Mr John Rawlinson: 101. asked the Under-Secretary of State for India whether, having regard to the serious dislocation likely to occur in the supply of chaplains for British India and the consequent mischief likely to arise, he will see his way to defer the operation of the order made last autumn stopping the recruitment of Government chaplains for British India; and whether he will state for what period of...
Mr John Rawlinson: This question was put some weeks ago and the matter is now getting urgent as, unless the orders withdrawn, the supply will cease?
Mr John Rawlinson: Are they over 16?
Mr John Rawlinson: 109. asked the Minister of Pensions whether he is aware that soldiers in receipt of a wound or other pension before the War, who were called up for service in England during the War, are getting no extra pension for the years they served in England during the War; and whether he will see his way to remedy this anomaly?
Mr John Rawlinson: I agree with what the Attorney-General has said, and I realise that it is impossible for us to alter by any single word the Constitution before us now, because of the difficult position we are put into by everything having to be done by the 6th December. All I wish to do is to extract information as to what is the meaning of this Constitution. I gather from the remarks of the Attorney-General...
Mr John Rawlinson: I fully accept what the Attorney-General has said as to the practical impossibility of making any alteration in the Constitution, and, therefore, I did not press my Amendment, but I want to take this opportunity of asking a question with regard to Article 2, the wording of which is somewhat unusual, as was mentioned last night. The words are: All powers of Government and all authority,...
Mr John Rawlinson: 62. asked the Secretary of State for the Colonies what is the approximate amount of money advanced, and price of goods sold, to the Irish Free State Government since it has been established, and what the total expenditure has been by Great Britain upon Ireland since the same date?
Mr John Rawlinson: Could the right hon. Gentleman give any idea as to the value of the goods so handed over, and was he informed that I raised this question on the Irish Vote the other night—when no Member of the Government was present—and told that a promise was made that the information should be given to me if I put a question down?
Mr John Rawlinson: I did not ask any questions about barracks, but about goods supplied. Does the right hon. Gentleman tell me that no sort of estimate has been kept by the Government as to the amount of arms and the value of the arms and of the goods that have been handed over, probably in millions?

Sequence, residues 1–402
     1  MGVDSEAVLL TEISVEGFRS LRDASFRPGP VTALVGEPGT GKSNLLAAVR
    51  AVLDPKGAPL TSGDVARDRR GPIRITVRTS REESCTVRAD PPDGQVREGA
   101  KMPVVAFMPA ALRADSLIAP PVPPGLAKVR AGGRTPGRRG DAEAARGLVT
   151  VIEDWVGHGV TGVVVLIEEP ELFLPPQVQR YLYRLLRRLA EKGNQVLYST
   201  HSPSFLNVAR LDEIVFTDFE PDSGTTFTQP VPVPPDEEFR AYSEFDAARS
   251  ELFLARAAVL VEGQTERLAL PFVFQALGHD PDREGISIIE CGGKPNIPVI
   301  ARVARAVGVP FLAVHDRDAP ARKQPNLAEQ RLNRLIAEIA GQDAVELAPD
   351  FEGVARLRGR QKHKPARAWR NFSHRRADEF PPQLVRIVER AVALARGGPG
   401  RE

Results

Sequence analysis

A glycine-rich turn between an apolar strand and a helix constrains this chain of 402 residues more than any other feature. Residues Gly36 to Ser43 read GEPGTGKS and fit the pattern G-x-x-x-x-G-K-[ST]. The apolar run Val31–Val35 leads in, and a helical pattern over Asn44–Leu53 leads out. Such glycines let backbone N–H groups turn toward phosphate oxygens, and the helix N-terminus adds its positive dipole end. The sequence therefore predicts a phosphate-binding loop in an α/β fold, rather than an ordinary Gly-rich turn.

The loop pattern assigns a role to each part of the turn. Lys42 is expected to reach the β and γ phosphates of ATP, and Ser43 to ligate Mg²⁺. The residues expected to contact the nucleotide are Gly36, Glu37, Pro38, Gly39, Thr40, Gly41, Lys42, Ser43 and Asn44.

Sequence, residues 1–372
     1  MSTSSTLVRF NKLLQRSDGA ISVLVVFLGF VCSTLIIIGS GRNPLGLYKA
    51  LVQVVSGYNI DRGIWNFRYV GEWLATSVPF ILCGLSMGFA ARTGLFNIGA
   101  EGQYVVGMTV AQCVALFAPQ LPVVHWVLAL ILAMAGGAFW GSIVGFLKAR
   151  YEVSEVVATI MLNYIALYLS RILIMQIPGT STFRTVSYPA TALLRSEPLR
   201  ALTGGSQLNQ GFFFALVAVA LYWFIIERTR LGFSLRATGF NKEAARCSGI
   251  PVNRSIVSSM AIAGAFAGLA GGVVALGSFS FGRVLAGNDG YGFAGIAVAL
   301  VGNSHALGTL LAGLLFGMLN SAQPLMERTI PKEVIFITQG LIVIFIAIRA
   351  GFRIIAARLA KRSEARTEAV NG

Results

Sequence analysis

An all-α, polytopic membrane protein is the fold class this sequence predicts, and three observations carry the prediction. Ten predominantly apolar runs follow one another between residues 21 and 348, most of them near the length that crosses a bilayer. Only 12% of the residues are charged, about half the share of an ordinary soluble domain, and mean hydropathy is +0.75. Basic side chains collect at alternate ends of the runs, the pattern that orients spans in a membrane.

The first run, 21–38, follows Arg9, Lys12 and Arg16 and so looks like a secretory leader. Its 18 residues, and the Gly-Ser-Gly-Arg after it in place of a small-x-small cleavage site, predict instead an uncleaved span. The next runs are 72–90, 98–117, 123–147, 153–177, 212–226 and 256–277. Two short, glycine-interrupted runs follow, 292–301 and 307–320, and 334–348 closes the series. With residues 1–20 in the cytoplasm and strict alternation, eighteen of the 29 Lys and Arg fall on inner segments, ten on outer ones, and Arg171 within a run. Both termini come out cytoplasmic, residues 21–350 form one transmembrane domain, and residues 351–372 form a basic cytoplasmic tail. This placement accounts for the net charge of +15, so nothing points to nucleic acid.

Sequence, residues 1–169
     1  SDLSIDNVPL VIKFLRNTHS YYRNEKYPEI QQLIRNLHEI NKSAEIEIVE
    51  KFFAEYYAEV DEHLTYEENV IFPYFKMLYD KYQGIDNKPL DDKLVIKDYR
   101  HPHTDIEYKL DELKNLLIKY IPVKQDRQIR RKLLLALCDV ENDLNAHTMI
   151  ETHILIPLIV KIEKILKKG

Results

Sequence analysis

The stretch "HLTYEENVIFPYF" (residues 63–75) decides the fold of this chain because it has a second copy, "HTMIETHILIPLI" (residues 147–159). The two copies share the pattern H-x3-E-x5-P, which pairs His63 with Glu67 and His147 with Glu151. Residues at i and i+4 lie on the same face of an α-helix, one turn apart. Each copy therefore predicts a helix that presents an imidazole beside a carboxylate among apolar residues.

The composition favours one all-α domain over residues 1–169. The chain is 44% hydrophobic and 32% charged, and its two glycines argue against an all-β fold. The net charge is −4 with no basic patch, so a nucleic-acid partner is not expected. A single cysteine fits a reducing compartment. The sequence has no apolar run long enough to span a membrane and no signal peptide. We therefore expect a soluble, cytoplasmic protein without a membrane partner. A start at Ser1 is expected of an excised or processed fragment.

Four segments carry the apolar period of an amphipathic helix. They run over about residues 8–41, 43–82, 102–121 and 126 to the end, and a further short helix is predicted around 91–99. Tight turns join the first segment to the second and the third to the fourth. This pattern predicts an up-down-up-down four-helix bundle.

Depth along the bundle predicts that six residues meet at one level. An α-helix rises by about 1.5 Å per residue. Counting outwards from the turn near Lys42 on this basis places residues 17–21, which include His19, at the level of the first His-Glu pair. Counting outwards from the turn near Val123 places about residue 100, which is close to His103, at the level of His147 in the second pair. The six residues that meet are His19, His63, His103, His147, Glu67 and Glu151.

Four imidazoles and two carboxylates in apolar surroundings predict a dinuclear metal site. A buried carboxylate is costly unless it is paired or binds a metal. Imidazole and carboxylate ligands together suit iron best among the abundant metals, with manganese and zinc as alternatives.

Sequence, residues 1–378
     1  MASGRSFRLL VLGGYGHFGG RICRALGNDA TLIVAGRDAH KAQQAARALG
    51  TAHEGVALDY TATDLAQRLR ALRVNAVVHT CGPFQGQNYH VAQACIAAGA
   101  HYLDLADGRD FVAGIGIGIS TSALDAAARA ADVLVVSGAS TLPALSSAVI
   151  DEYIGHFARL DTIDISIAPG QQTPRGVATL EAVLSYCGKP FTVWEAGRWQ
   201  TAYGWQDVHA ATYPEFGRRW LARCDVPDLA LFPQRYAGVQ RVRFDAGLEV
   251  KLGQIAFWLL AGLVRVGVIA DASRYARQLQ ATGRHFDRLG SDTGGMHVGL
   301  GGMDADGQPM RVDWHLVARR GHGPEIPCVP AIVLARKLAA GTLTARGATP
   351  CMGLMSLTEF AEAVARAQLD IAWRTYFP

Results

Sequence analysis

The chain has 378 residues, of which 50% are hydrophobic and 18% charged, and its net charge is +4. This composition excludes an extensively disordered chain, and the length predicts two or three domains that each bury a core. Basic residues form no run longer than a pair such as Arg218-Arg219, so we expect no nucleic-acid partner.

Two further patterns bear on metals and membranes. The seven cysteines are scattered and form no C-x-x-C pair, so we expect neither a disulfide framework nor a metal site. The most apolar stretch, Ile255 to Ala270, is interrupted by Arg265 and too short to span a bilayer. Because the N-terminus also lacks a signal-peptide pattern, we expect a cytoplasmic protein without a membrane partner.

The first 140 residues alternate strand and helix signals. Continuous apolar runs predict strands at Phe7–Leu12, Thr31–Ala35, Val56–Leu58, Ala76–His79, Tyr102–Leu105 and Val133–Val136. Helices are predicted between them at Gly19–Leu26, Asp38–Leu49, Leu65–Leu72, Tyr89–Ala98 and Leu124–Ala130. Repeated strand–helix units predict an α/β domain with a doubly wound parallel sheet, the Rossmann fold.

Mr John Rawlinson: 63. asked the Secretary of State for the Colonies whether, as the British Government are not liable for trust funds held by the Public Trustee in Ireland, beneficiaries will have an opportunity of transferring their funds from the Public Trustee in Ireland to the custody of the Public Trustee in London?
Mr John Rawlinson: Is the right hon. Gentleman aware that on the.12th April I was promised that an opportunity should be taken, before the Free State Government was set up, to have this matter looked into? When will it be looked into, and can the beneficiaries withdraw their money now?
Mr John Rawlinson: Can they withdraw at the present time?
Mr John Rawlinson: in reference to the sum of £148,000, including a supplementary sum of £100,000. for the League of Nations, I would like to know what the contribution by other nations has been to this fund? I have asked before, and have got no information. If it is not convenient to obtain the information now, perhaps the hon. Gentleman will give it to me privately later on?
Mr John Rawlinson: In reference to the sum of £12,000,000 for the Ministry of Labour, I would like to know how much is in respect of new buildings. I quite see the difficulty of replying now, and if this information is given me in the course of the next week I will be satisfied.
Mr John Rawlinson: May we have an answer from the Government?
Mr John Rawlinson: I wish to know definitely what is the amount which has been paid up to Ireland during this year, and what it is intended to pay during the course of the current year. Here is a comparatively small item. It may or may not he a good item. The next item is £1,200,000 for criminal injuries in Ireland. During the past month or two we have had a large number of statements from the Secretary of...
Mr John Rawlinson: To put down a question would be quite useless, but I will ask my hon. and gallant Friend to indicate to the Colonial Secretary that I have raised this point, and I withdraw it for the moment.
Mr John Rawlinson: This Vote is for the relief of people who come over here from Ireland. Has this £10,000 yet been spent, and, if so, is any supplementary grant going to be asked for for this purpose? Further, is this money to be paid ultimately by us, or is it one of the items which we are told is to be set off against the Free State Government when a settlement is arrived at some time in the future? I think...
Mr John Rawlinson: I should just like to offer a protest against all these Votes going through in this fashion, and particularly in respect to the Vote with which we are now busy. On this we ought to have been able to have a discussion on the question of Irish finance, and as to the proper authorities in relation to it, and so on. I protest strongly that the Front Bench are dealing with the matter in this way.
Mr John Rawlinson: As long as it is made to apply to Clause 1 as well, I do not object, but my proposal applies equally to Clause 1.